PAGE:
Pedro Martínez inexplicably defends Red Sox’s lack of spending in free agency

Boston Red Sox Spring Training Workout
Boston Red Sox Spring Training Workout / Billie Weiss/Boston Red Sox/GettyImages
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The Boston Red Sox have plenty of legendary former players to assist with spring training in Fort Myers.

David Ortiz, Jon Lester and Pedro Martínez are some of the Boston icons who've spent time down at Fenway South this winter. As stars of former Red Sox teams, their tutelage goes a long way for players currently trying to make their way through the big leagues.

Not everyone the Sox recruited to help out at spring training decided to go, though. Dustin Pedroia made his opinions about the state of the team known to management after being let down by the 2023-24 offseason. He declined the Sox's invitation to help out during the preseason.

Not every Red Sox legend of the past shares Pedroia's criticisms of the club. Martínez came to the organization's defense when asked about the lack of spending this winter.

Pedro Martínez defends Red Sox front office's offseason spending philosophy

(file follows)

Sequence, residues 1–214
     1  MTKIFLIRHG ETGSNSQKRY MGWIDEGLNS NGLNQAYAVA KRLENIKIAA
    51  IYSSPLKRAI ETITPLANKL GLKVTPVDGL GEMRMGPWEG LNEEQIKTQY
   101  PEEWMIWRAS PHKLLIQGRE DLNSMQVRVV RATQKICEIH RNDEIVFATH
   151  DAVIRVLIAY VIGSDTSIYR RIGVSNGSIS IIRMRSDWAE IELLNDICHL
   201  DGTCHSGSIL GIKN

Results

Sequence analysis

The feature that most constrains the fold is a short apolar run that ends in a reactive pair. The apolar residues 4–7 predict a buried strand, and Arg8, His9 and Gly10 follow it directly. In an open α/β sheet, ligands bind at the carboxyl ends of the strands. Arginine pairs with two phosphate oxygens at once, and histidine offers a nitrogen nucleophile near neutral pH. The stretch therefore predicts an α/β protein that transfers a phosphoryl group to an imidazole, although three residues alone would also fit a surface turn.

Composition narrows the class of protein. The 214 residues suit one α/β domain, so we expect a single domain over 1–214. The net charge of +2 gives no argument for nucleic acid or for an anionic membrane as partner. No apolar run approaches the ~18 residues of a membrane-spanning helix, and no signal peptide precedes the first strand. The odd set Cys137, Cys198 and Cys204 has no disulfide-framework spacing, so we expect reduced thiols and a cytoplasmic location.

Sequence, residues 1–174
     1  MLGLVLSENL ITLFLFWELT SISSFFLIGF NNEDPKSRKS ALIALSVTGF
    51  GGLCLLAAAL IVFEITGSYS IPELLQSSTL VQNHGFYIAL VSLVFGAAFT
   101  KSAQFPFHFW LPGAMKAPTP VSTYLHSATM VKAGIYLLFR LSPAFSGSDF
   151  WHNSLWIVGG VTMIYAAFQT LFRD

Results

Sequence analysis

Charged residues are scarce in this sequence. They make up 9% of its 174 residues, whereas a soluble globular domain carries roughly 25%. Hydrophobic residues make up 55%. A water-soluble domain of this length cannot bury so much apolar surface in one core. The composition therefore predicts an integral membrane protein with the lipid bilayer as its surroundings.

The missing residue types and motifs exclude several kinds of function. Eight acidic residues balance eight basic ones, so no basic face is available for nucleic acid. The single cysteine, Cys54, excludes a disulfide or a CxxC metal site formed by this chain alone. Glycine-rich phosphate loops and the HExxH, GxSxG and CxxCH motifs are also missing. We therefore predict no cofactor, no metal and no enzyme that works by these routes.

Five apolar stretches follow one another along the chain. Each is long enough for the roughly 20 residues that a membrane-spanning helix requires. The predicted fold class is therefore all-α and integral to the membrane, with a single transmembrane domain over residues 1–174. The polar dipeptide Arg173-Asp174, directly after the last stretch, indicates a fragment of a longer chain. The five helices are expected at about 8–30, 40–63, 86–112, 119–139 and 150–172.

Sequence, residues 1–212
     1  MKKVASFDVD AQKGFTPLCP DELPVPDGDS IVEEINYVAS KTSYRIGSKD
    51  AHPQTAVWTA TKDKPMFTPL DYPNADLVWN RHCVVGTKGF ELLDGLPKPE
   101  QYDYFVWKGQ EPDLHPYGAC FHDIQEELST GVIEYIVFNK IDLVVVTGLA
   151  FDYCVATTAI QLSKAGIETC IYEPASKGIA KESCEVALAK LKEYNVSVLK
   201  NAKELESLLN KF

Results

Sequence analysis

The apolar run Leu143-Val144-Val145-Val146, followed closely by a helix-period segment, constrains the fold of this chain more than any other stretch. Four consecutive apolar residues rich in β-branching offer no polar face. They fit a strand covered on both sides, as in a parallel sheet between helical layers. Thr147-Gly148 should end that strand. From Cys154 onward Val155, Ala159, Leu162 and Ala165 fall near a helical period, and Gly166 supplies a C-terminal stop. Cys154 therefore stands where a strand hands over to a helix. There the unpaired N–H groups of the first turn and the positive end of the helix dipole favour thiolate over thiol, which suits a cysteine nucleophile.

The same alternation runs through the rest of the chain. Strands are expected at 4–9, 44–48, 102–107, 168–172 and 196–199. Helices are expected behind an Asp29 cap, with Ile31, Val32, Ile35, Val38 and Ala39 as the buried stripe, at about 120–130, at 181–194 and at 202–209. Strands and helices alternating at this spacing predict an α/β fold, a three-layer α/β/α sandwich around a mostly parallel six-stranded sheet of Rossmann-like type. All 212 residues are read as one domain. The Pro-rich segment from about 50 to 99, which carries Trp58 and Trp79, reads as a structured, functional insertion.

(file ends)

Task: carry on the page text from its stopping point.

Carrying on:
"I think we haven’t had the success we expected. Yes, we did taste a little bit of what we invested in some of the players, but some of us also understand that we have been burned by going out there and getting the big guys and the big names and then getting rid of our minor league system — which was No. 1 when we first started here," Martínez said on the "Fenway Rundown" podcast.

“And ever since, we haven’t been able to recoup and, and when the stars go down, well, we don’t have anything to bring up. I think we need to find a balance between good players.”

Some of Martínez's statements ring true to fans. The point about "the big guys and the big names" not panning out definitely carries some weight, especially in the context of Chris Sale's tenure and recent departure from Boston.

But the team not being able to bounce back from previous misses could also be a result of not spending money on quality talent. Losing or trading prospects the organization has put time and money into developing is never ideal, but we've said it before and we'll say it again -- prospects come with no guarantees.

Established players don't come with any promises either, but at least they have a record of MLB games to refer to. There are hundreds of reasons someone could be sidelined at any given time and spending money on athletes in an industry where injuries are common is risky. But that's business.

And Martínez, the recipient of a once record-breaking contract when he originally signed with the very team he's defending, should know that.

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